What is lymphomatoid papulosis?
Lymphomatoid papulosis is a rare chronic skin condition which can occur at any age or in any race (prevalence rate 1 to 2 cases per 1,000,000). It has a gradual onset and typically has no symptoms but can cause itch in the skin of some people. Individuals are otherwise well. The condition is not contagious and it is not inherited. It is characterised by the proliferation of T cell lymphocytes in the skin that cause multiple, recurrent lumps.
What causes lymphomatoid papulosis?
The cause of lymphomatoid papulosis is unknown. It is characterised by collections of immune blood cells called lymphocytes or T cells in the skin. Even experts have difficulty fully classifying the condition. Some consider it a benign disorder of the immune system, others a low grade skin lymphoma with the ability to resolve spontaneously. It is generally accepted as a benign disease of the skin only.
What does lymphomatoid papulosis look like?
Most commonly, lymphomatoid papulosis causes a rash characterised by crops of small, crusted or scabbed lesions on the skin. The appearance and number of these lesions can be highly variable. They can be skin-coloured or red bumps called papules or larger lumps called nodules. These lesions can occur anywhere but are typically scattered over the body with normal skin in between. They tend to group around the groin or trunk in a bathing suit distribution.
The lesions commonly show rapid growth and may then ulcerate (i.e. the surface may break) before healing spontaneously after 2 to 8 weeks. When the lesions heal, they generally leave a small depressed scar. However, some lesions heal without scarring. Waves of new lesions occur spontaneously and wax and wane over time.
The lesions themselves are often symptomless but some individuals report itchiness or pain.
How is lymphomatoid papulosis diagnosed?
A skin biopsy is critical in the diagnosis of lymphomatoid papulosis. The sample is processed and the cells examined under a microscope. Lymphomatoid papulosis microscopically displays T cells that carry a marker called CD30.
Further tests are not necessary unless there are other symptoms or abnormalities.
What other problems can occur with lymphomatoid papulosis?
Lymphomatoid papulosis may be associated with other blood cell lymphomas or cancers of the blood such as Hodgkin’s lymphoma, mycosis fungoides and other cutaneous lymphomas. These other lymphomas may occur before, during or after the diagnosis of lymphomatoid papulosis. For this reason, it is very important that affected individuals are reviewed regularly by a dermatologist.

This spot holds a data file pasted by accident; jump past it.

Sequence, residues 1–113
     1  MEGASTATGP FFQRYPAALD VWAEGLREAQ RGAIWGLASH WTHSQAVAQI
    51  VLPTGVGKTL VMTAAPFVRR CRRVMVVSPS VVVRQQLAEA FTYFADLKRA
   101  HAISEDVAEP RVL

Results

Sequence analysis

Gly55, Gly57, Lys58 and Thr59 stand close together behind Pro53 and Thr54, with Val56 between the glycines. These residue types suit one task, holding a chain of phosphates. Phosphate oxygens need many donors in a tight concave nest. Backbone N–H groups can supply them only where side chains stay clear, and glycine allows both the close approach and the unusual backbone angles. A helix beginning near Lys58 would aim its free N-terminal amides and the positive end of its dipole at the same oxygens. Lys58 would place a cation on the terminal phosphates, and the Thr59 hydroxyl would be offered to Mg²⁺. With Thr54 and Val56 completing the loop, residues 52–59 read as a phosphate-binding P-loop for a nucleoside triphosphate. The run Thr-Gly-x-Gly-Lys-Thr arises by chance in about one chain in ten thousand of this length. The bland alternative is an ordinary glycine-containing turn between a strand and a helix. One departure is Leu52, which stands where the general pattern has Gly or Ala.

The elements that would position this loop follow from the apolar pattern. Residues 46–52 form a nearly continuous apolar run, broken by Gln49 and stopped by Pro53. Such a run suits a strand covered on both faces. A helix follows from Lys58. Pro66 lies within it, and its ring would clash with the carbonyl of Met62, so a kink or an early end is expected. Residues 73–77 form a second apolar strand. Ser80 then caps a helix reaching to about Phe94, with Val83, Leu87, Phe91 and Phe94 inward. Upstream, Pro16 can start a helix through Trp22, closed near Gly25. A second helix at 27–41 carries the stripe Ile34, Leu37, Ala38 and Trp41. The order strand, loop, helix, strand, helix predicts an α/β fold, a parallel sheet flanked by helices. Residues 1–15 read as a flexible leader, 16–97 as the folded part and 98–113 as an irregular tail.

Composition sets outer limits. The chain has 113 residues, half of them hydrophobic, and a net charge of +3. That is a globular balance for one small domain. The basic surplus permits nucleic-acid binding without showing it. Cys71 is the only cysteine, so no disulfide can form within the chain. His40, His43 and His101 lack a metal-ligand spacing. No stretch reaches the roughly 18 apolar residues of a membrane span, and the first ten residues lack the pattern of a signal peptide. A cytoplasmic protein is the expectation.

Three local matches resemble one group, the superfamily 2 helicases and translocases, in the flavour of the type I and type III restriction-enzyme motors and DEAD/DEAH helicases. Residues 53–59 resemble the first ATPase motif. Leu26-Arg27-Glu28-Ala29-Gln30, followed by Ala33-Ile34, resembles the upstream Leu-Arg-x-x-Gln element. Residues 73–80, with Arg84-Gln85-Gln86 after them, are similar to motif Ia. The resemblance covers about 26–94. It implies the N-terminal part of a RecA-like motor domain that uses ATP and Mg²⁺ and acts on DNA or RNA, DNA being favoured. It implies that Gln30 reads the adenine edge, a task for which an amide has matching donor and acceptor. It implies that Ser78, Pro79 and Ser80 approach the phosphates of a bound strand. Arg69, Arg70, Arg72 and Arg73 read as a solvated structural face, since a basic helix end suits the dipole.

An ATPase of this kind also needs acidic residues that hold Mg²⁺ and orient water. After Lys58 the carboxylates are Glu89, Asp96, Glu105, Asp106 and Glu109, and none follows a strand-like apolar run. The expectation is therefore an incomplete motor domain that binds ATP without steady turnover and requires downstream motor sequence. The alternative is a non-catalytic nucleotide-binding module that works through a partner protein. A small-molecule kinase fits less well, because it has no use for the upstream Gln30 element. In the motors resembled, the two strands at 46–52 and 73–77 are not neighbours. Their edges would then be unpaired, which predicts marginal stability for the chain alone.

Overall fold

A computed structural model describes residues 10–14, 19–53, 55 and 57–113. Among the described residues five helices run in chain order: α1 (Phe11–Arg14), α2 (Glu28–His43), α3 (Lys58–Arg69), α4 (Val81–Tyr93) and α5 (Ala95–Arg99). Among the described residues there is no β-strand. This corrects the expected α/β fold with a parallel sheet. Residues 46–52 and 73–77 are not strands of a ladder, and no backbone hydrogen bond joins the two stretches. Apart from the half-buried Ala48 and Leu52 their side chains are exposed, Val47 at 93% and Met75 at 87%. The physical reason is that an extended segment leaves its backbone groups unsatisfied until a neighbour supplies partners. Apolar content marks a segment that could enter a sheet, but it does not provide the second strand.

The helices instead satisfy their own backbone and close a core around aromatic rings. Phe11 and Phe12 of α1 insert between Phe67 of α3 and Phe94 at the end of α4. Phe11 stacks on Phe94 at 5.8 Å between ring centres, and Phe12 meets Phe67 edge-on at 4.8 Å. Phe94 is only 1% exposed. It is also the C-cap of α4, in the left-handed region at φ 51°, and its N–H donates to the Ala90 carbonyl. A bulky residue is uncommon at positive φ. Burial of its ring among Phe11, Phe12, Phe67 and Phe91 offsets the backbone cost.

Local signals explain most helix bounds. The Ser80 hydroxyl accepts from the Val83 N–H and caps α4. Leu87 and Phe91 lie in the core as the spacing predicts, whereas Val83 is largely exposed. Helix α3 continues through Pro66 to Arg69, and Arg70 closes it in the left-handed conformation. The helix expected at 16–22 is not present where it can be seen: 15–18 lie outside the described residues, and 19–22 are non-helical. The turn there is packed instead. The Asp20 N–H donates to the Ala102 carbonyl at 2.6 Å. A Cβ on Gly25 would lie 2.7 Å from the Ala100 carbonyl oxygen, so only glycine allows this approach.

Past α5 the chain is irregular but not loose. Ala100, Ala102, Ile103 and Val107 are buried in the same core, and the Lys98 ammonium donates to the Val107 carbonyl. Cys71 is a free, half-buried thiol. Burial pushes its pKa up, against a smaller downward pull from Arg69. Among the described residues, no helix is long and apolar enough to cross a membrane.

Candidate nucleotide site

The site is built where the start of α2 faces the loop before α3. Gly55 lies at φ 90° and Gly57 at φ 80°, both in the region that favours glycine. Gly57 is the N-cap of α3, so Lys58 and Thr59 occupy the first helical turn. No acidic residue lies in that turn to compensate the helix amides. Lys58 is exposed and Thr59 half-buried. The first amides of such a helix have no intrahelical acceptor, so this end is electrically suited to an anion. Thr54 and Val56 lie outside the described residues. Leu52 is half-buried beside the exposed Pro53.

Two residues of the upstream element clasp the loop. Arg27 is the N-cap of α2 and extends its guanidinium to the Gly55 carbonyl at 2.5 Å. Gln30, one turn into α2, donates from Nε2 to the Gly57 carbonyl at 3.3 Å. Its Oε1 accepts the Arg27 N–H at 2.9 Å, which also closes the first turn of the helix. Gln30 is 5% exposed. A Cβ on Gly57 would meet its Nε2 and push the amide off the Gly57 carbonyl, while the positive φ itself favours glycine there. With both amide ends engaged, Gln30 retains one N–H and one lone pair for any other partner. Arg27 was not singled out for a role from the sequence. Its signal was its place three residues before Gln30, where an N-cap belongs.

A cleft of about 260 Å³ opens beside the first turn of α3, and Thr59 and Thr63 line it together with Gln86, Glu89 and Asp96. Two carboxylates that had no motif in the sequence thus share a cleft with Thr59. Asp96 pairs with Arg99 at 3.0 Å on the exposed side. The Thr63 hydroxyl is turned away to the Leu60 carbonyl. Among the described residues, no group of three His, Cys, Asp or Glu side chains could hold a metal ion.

Should a blood cell lymphoma occur, the affected person will be referred to a haematologist who is a doctor specialising in blood disorders. However, the incidence of associated blood lymphomas is low
How is lymphomatoid papulosis treated?
There is no cure for the condition and no standard treatment. Treatment is tailored to an individual’s symptoms and to addressing the skin issues to prevent scarring.
If there are few skin lesions which are not itchy or tender, it is may be reasonable not to provide specific treatment and simply observe the skin over time.
For those who want or require treatment, first line options include phototherapy, topical corticosteroids and antibiotics called tetracyclines. Tetracyclines are typically used if ulcerated lesions become infected. A medication called methotrexate is usually used for people with more extensive disease.
It is important to have ongoing skin checks to assess for the possible development of associated lymphomas, regardless of whether or not the condition is being actively treated.
What is the likely outcome of lymphomatoid papulosis?
In nearly all cases, lymphomatoid has an excellent prognosis and the condition remains benign or non-cancerous.
All lesions will heal by themselves with time. However, the condition typically recurs with cyclic eruptions. There have also been cases of the condition clearing completely.
Treatment does not alter whether or not an associated lymphoma will develop. This means affected individuals should have a skin check by their doctor every 6 to 12 months for as long as the rash continues. Contact your doctor if you experience any fever, weight loss, night sweating or if any existing lesions do not heal within 2 to 3 months.
This information has been written by Dr Olivia Milne, Dr Kate Newland, Professor H. Miles Prince, Clinical Associate Professor Chris McCormack and Dr Catherine McKay
Updated 02 June 2015